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Black Friday Is Dead — Or How I Spent $10 on Black Thursday

Thanksgiving is a time of gratefulness, at least in theory.

But how grateful are we for what we have if we feel the need to go out and buy so much more a few hours later on Black Friday?

Thank you universe (atheist version) for all you have given us…

but it’s just not enough.

Black Friday Is Dead -- Skeleton pushing a shopping cart

Of course now we don’t even wait until Black Friday to start shopping.

Most of the stores start their sales on Thanksgiving Day.

Some people complain that this is ruining the time traditionally spent with family, while others are undoubtedly happy for the excuse to escape the crazy cousins and grandparents.

Of course these early sales do mean you have to eat earlier to be ready in time for the sales that start at 5:00 or 6:00 pm.

And I imagine they’ll start even sooner next year.

Ana, my wife, says people will probably have to start having Thanksgiving Breakfast instead of dinner, so the rest of the day can be devoted to shopping.

On the other hand, given the ongoing trend of earlier and earlier Christmas shopping, the whole Black Friday phenomena may recede to mid-July soon (oh wait, Amazon already did that with “Prime Day”), leaving people free to enjoy Thanksgiving Day with family once again.

If you think that’s a joke, read on…

My Big Black Friday Thursday Shopping Trip

I don’t participate in Christmas, a decision that has saved me thousands of dollars and a lot of stress over the years.

But I do hate to pass up a good sale if it’s for something I need, so I watch the Black Friday advertisements.

This year I hoped to get some jeans at Walmart.

I also figured they would have the $0.99 and $1.99 movies like last year.

So, with my wife off reading poetry in Ecuador on Thanksgiving (we’re not too traditional) I ate Thanksgiving Breakfast (a peanut butter sandwich — see the last parenthetical comment), and at 6:00 pm went to Walmart.

The lot was almost completely full.

Clearly people had had enough of stuffing themselves with stuffing and listening to their uncles screaming at the football games on the TV (it is football on Thanksgiving, right?).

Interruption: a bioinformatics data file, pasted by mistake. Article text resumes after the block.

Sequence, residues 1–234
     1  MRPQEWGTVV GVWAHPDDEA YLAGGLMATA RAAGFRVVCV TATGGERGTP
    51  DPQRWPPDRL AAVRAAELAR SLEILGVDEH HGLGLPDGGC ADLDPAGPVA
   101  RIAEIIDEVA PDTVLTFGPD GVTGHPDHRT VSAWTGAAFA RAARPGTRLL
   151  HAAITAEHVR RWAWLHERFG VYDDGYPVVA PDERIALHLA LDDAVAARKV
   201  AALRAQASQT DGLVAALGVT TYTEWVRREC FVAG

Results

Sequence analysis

I parked a long way from the door and enjoyed the cool 80-degree Florida evening walk.

I worked my way through the crowds to the main aisles, where the giant boxes full of sale items were lined up.

It was so crazy that I had to stop and watch.

I actually stood there for several minutes, taking it all in.

A guy in a wheelchair, trying got get to electronics, made it two feet in two minutes.

People weren’t being rude; they would have moved to the left or right, but there were more people there.

I have never seen a store so packed full of people.

But it wasn’t all busy.

I looked over to the frozen food aisle, and it was empty — something I had never seen before in this Walmart.

Then I saw something I had always thought was a cultural myth; a buying frenzy.

I watched people grab crock pots and toys and electronics left and right and load up their carts like they would with groceries before a hurricane — all without any idea what the prices were!

Walmart had been caught unprepared and hadn’t priced many of the items.

I understand not worrying about prices when loading up on food before a storm, but this was a kind of hunger I couldn’t relate to.

The cheapest movies were $1.99, and the titles were more limited this year.

I joined the hundreds of people filing past the big displays and picked out two DVDs.

Then I realized that without Ana’s memory available, I couldn’t be sure if we had seen one of them, and the other might be available on our streaming Netflix selection.

I put them back.

Wrangler jeans, normally $17.77, were on sale for $10 — something I had to confirm by locating a scanner, since the sale prices were not posted.

I needed a new pair of jeans, so at least there was that.

I was done shopping.

I spotted a cashier behind a wall of carts filled with large-screen TVs and got in line.

To be fair, the lines went pretty fast, and soon I was home, playing chess online.

Total expenditure with tax: $10.70.

But that’s not quite the end of the story…

The next day I went back to buy a few groceries.

It was officially Black Friday but the aisles were emptier than I had ever seen them.

I grabbed my food and went to one of several cashiers who had nothing to do.

I had never seen three empty checkout lanes in a row at a Walmart before this day.

It’s official: Black Friday is dead!

Long live Thanksgiving Breakfast!

Your Thoughts: Did you go shopping on Thanksgiving, and what will you do if they start the Christmas sales in July?

Image by Christophe Dombres via Unsplash